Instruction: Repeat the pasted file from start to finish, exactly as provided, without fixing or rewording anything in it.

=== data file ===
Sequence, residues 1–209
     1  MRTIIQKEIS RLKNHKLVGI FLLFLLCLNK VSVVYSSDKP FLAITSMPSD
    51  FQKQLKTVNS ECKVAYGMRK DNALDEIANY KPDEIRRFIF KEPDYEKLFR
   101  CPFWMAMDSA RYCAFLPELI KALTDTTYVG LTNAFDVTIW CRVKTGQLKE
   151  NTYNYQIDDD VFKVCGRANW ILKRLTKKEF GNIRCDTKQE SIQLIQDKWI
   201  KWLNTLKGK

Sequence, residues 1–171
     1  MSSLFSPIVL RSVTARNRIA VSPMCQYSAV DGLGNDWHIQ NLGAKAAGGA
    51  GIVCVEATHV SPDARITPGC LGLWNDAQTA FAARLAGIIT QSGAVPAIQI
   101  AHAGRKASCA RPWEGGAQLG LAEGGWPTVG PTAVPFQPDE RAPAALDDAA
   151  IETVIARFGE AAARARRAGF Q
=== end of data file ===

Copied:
Sequence, residues 1–209
     1  MRTIIQKEIS RLKNHKLVGI FLLFLLCLNK VSVVYSSDKP FLAITSMPSD
    51  FQKQLKTVNS ECKVAYGMRK DNALDEIANY KPDEIRRFIF KEPDYEKLFR
   101  CPFWMAMDSA RYCAFLPELI KALTDTTYVG LTNAFDVTIW CRVKTGQLKE
   151  NTYNYQIDDD VFKVCGRANW ILKRLTKKEF GNIRCDTKQE SIQLIQDKWI
   201  KWLNTLKGK

Sequence, residues 1–171
     1  MSSLFSPIVL RSVTARNRIA VSPMCQYSAV DGLGNDWHIQ NLGAKAAGGA
    51  GIVCVEATHV SPDARITPGC LGLWNDAQTA FAARLAGIIT QSGAVPAIQI
   101  AHAGRKASCA RPWEGGAQLG LAEGGWPTVG PTAVPFQPDE RAPAALDDAA
   151  IETVIARFGE AAARARRAGF Q